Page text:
Methodology

It is a prospective cohort study conducted on 54 patients who underwent arthroscopic Bankart’s repair for recurrent shoulder dislocation at National Orthopedic Hospital, Dala and Habeeby Orthopedic Clinic, Kabuga, Kano from March 2015 to February, 2021. All patients aged 18 to 50 years with recurrent posttraumatic anterior shoulder dislocation were recruited through the surgical outpatient department, SOPD. Patients with multidirectional, posterior and fracture dislocation, and those with associated bone defects were excluded from the study. Plain radiographs (true anteroposterior, Rockwood and axillary views, Figure 1ac) were obtained for all the patients to assess bone and articular congruency, rule out bone defects and other degenerative changes. The instability shoulder index score (ISIS) was used as predictive tool for deciding on arthroscopic treatment. Rowe scoring was done to assess instability before surgery as well as WOSI and Walch- Duplay scores. The procedure was done under general anesthesia with curved endotracheal tube intubation. patients were positioned in the lateral decubitus position with locally improvised weight over a drip-stand [Figure 2a]. Surgeries were performed by the same surgeon assisted by senior registrars. The standard posterior portal is the portal of entry while the working (anterior) portal is created using an inside-out technique [Figure 2b].

Figure 1a-c: shows axillary, Anteroposterior and Rockwood views of the left shoulder as part of preoperative assessment in a reduced joint at presentation. Some may present with the dislocated joint.

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Figure 2a: shows the anterior view of a patient in the lateral decubitus position after draping; Figure 2b: shows attempt at inside out technique to create the anterior portal. Figure 2c: shows a Bankart lesion. After refreshing the turn surfaces of the labrum and its attachment to the glenoid bone, 2 drilling wires (each with a needle eye) were passed. One is passed through the capsule, through the rotator interval, under the labrum into the glenoid bone, just below the subchondral bone. The other is passed through the same skin incision anteriorly, but at a different inferior point on the capsule, through the subscapularis, under the labrum and into the glenoid bone to the exterior posteriorly. Two strands of polyester 5 sutures are passed parallel and in the same direction through the needle holes [Figure 3a]. The sutures are brought out posteriorly along the holes created by the drills. The sutures are converged to one single hole posteriorly, the glenohumeral joint is deflated and the sutures knotted securely [Figure 3b]. The subcutaneous tissue is released to avoid skin tethering anteriorly and posteriorly. Every patient had a shoulder jack-up brace applied 24 hours after surgery (when swelling had subsided) and maintained on it for 6 weeks [Figure 3c]. Flexion and extension movements were allowed, but not abduction and external rotation until 6 weeks of postoperative period. The shoulder jack-up brace was discontinued at 6 weeks and exercise for full range of motion and muscle strengthening exercises were commenced. The Rowe. WOSI and the Walch-Duplay scores were used to assess the shoulder stability and function at 3, 6, 12 and 24 months postoperatively. Patients were granted permission to return to light duties at 3 months and full duty at 6 months. Data were captured using Microsoft excel worksheet and analyzed using SPSS version 20.0 for windows.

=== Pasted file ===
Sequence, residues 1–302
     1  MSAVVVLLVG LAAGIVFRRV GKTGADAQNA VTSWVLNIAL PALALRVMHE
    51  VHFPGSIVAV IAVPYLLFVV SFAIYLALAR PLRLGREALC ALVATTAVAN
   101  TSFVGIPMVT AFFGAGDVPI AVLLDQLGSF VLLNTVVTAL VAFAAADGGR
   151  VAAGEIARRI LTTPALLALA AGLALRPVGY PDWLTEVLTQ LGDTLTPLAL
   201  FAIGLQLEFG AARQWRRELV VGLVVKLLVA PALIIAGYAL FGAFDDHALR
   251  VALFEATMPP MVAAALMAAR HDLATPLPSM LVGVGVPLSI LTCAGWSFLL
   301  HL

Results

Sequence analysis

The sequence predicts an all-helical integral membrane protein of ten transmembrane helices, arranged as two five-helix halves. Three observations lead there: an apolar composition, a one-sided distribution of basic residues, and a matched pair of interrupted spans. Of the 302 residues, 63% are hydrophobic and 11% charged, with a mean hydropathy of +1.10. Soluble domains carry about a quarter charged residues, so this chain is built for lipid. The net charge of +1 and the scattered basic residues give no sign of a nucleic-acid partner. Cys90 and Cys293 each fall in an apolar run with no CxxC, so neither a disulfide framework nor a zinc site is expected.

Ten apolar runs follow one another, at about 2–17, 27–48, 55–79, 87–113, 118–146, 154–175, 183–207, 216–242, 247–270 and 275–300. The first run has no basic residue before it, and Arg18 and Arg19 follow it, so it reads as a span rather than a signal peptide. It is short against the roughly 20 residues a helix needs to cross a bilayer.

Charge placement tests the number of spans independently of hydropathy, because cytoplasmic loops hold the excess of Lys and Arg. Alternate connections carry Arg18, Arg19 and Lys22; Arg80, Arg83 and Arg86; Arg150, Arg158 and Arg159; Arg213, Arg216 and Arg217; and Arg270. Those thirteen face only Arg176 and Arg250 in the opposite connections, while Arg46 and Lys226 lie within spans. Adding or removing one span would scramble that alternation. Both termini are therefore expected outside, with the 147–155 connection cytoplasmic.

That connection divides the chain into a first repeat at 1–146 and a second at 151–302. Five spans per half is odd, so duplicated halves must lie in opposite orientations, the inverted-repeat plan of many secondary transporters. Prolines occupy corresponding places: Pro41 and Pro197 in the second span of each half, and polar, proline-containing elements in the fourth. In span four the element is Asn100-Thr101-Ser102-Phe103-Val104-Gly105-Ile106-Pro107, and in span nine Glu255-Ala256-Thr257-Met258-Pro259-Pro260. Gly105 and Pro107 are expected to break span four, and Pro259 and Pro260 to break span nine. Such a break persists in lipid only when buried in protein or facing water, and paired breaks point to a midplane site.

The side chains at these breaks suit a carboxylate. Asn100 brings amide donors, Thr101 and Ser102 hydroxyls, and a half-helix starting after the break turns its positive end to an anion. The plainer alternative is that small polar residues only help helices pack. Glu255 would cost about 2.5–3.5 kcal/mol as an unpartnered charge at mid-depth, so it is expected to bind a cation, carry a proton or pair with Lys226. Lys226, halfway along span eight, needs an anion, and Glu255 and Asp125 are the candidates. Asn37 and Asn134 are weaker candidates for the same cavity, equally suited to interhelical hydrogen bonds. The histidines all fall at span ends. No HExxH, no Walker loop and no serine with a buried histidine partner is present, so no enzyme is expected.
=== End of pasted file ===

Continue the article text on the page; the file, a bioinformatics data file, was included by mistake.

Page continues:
Figure 2a: shows the anterior view of a patient in the lateral decubitus position after draping.

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Figure 2b: shows attempt at inside out technique to create the anterior portal.

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Figure 2c: Shows a Bankart lesion.

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Figure 3a-3c:

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Results

Fifty-four patients were studied with an average age of 25.0 +/- 5.4 years and M: F of 8: 1 [Figure 4]. The right shoulder was 9 times more affected than the left. All were posttraumatic with a mean frequency of dislocation of 5.2 +/- 3.0 per week before surgery [Figure 2]. All the patients had had traditional bone setters’ manipulation. All the patients had positive apprehension test. The average duration of surgery from skin incision to closure is 55 +/- 15.5 minutes. All the patients were found to have Bankart’s lesion with variable degenerative changes. There was significant shoulder swelling extending to the neck region in the immediate postoperative period, but not enough to warrant ICU admission in any of the patients. The swelling subsided in an average of 5.5 +/- 1.5 hours in all the patients. The average duration of hospital stay was 5 +/- 2days. The average pre-operative instability shoulder index score (ISIS) was 2.1 +/- 1.5. The Rowe scores showed statistically significant improvement after operation with P <0.001 at 2 years of follow up [Figure 5]. The average pre-operative WOSI and Walch-Duplay scores were 1444.7 +/-271.3 (68.8 +/- 12.9 %) and 27.1 +/- 9.8 respectively. The postoperative scores improved to an average of 217.5 +/- 116.5 (10.4 +/- 5.6 %) and 90.6 +/- 5.2 respectively with P < 0.001 at 2 years of follow up [Figure 5]. All the patients were followed up for a minimum of 2 years. There was no recurrence of dislocation nor revision after minimum of 2 years of follow up. The cost of 2 strands of polyester 5 sutures needed is 1.4 % of the cost of 2 anchor sutures.